by Sarah Craighead Dedmon
Work on the area’s most dreaded stretch of frost heaves should begin next spring, according to Maine Department of Transportation (DOT) Senior Project Manager Randall Barrows.
A call for bids to widen and rebuild an East Machias length of Route 1 running from Pope Memorial Bridge and north 1.8 miles will be advertised on Dec. 23. Barrows says DOT anticipates clearing and utility work could begin in Feb. 2021, and road construction could begin in April, weather permitting.
The timeline to rebuild the Machias dike, however, has slipped by more than two years. Though DOT projects statewide have been delayed owing to decreased fuel tax revenue and increased material costs, DOT Project Manager Nathan Howard says those factors are not impacting the dike project.
“The current schedule reflects the complexities of permitting and designing a project that involves multiple large culverts with tidal gates,” said Howard. “We also are trying to coordinate the construction of the dike project with other projects in the area.”
DOT initially estimated construction could begin on the project this December, but Howard now estimates it will not begin before 2023, at the earliest.
“The dike” is the name locally given to the causeway that spans the confluence of the Machias and Middle Rivers, but the dike apparatus itself is actually only a small part of that bridge, contained on the side nearest to the Machias boat launch.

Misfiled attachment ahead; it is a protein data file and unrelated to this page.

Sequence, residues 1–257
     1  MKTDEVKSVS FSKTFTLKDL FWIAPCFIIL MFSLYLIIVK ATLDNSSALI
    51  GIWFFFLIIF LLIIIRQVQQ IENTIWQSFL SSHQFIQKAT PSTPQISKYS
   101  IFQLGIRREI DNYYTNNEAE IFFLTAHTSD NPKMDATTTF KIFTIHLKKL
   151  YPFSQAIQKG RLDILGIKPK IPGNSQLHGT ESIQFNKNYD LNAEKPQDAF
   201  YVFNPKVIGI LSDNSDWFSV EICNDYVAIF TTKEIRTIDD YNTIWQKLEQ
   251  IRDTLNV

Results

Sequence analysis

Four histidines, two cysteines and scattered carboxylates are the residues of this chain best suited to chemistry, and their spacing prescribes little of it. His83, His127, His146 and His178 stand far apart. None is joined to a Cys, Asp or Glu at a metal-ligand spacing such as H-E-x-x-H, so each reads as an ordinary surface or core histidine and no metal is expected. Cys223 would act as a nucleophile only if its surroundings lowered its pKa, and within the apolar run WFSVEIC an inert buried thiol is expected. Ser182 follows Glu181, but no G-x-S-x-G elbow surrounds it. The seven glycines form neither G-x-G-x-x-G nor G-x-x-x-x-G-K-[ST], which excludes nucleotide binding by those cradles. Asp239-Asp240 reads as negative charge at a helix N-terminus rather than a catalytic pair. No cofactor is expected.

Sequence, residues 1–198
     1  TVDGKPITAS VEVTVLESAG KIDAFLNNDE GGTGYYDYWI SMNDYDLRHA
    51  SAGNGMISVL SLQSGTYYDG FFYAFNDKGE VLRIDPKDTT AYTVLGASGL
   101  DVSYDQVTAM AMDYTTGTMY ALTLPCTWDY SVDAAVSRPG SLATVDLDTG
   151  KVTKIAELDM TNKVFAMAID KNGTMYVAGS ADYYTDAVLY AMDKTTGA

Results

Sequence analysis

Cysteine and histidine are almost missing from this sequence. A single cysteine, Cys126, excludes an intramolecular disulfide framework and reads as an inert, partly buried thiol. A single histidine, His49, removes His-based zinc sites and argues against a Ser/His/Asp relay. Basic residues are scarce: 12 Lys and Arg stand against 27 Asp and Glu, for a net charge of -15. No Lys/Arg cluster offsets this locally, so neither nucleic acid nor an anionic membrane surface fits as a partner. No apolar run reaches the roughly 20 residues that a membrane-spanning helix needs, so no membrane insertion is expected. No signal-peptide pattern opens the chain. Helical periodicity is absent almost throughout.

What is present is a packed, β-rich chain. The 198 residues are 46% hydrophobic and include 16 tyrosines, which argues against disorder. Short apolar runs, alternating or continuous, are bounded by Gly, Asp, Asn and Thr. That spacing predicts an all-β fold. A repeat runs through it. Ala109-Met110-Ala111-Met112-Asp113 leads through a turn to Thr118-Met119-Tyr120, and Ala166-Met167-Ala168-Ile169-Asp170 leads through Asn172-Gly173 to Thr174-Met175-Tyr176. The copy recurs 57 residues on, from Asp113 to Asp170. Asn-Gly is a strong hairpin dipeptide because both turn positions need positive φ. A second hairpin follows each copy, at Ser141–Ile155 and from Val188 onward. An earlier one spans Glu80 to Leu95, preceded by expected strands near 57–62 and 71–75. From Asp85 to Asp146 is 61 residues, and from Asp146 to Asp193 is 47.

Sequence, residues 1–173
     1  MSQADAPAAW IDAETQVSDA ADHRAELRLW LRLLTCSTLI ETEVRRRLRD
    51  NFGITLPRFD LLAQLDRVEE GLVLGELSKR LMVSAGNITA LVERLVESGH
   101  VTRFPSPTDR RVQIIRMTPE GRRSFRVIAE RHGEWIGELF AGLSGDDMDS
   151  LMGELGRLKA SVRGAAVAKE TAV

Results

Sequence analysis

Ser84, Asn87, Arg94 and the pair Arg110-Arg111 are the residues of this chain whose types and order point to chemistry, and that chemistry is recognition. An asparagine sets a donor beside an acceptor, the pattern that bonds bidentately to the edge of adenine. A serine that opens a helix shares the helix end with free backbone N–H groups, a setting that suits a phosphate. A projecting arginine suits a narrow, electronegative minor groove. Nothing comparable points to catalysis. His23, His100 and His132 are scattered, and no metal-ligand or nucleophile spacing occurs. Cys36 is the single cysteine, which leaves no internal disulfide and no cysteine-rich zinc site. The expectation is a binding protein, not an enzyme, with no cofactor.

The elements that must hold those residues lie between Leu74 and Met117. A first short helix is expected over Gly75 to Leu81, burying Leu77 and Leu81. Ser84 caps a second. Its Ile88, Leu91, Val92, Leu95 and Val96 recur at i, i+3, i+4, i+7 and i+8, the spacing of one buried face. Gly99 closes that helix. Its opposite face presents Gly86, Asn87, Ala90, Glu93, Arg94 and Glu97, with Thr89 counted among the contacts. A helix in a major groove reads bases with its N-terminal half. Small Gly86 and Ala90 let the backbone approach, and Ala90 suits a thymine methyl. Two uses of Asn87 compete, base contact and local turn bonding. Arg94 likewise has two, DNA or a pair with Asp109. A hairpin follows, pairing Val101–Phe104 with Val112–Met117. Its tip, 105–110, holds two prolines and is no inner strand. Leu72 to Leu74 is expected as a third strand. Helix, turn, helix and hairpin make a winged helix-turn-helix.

Though many alternative options were considered, including an elevated bridge instead of a causeway, the chosen DOT solution will leave the bridge as it is and rebuild the existing dike, which allows the upstream Middle River pond to vary up and down by roughly one foot. There will be four or five box culverts in the new structure, one of which will have an adjustable gate that could be opened or closed to varying degrees. The others will have tide gates that only open to allow water to flow from the Middle River into the Machias River.
At its base, the dike stands on logs laid in the 1930s. The bridge was reinforced with concrete in 2008, but photographs taken by divers in 2016 show erosion and decay in the wooden supports. In 2018, DOT Engineer Michael Wight said he believed any failures resulting from the decay would not be catastrophic, but isolated and incremental, such as potholes or areas of sinking pavement.
Currently, the state ranks the dike bridge four on a scale of zero to nine, which indicates “poor” condition.
A 2016 Federal Highway Bridge Inventory shows 26 percent of Washington County bridges are ranked “structurally deficient”, or 27 of the county’s 103 spans, the largest percentage of any county in Maine.